3.2 Blood Pressure Control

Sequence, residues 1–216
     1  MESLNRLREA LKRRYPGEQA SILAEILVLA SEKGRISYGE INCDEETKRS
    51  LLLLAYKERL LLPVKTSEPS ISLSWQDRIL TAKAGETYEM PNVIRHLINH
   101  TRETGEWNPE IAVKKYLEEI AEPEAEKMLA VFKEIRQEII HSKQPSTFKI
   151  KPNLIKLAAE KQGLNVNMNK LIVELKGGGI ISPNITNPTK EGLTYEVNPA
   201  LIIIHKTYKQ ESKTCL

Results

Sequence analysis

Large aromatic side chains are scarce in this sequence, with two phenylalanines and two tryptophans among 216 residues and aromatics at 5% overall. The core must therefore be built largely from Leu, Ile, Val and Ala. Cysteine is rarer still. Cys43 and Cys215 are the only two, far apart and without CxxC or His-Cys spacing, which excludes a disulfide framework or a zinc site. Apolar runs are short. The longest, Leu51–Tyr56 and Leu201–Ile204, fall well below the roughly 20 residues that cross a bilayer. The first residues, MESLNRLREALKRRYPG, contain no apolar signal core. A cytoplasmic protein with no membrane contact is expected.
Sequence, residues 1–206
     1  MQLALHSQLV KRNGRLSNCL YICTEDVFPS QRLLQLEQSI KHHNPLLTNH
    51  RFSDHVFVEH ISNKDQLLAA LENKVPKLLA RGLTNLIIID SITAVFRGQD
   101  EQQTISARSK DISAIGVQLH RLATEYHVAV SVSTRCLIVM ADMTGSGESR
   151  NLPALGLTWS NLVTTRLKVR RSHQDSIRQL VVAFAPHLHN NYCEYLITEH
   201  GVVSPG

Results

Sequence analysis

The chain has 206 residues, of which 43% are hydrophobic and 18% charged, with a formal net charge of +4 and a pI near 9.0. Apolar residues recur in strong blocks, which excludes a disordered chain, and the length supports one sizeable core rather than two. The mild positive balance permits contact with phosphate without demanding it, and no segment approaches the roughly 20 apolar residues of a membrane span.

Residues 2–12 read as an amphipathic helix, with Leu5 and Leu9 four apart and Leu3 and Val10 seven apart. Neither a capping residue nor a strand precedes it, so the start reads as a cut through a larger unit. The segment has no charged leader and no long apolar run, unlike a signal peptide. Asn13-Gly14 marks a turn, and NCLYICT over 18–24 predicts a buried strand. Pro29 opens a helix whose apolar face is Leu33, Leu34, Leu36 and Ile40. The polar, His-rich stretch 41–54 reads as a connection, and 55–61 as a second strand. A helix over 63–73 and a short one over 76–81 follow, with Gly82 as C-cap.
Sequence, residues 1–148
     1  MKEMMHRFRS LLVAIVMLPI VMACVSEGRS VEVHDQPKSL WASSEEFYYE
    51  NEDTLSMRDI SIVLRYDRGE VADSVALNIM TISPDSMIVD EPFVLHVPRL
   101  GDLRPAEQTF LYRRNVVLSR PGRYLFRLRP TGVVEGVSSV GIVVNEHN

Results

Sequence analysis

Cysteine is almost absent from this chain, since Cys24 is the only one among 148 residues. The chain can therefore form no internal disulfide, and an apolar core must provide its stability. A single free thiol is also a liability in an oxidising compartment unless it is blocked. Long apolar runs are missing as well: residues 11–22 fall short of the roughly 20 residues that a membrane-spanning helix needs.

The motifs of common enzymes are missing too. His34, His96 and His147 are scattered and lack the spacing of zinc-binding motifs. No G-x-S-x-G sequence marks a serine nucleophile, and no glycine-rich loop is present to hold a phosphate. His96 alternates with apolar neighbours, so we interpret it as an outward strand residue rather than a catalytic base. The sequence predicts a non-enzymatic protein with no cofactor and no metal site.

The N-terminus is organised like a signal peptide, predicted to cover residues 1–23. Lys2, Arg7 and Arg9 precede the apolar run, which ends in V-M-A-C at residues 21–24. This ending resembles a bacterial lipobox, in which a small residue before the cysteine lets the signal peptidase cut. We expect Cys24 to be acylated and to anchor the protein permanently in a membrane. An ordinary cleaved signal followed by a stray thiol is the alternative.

Systolic blood pressure should be lower than 140 mm Hg, and diastolic blood pressure should be under 90 mm Hg to ensure a lower risk of microvascular disease (including DN) (De Boer et al., 2017; Shibata et al., 2021). Lower blood pressure targets ranging from 130 to 80 mm Hg may be recommended for a few patients (e.g., patients with known DN or higher risk of atherosclerotic cardiovascular ailments) if they can be met without severe treatment side effects. The first line of treatment for hypertension in diabetic people should be lifestyle changes. This involves limiting salt intake (under 2,300 mg daily consumption), weight loss in the case of obesity, and staying active (Care, 2019). To reach target blood pressure, a patient-specific treatment strategy must be developed at the time of diagnosis and should be executed along with pharmacologic therapy (Bertsimas et al., 2020; Indriani et al., 2020).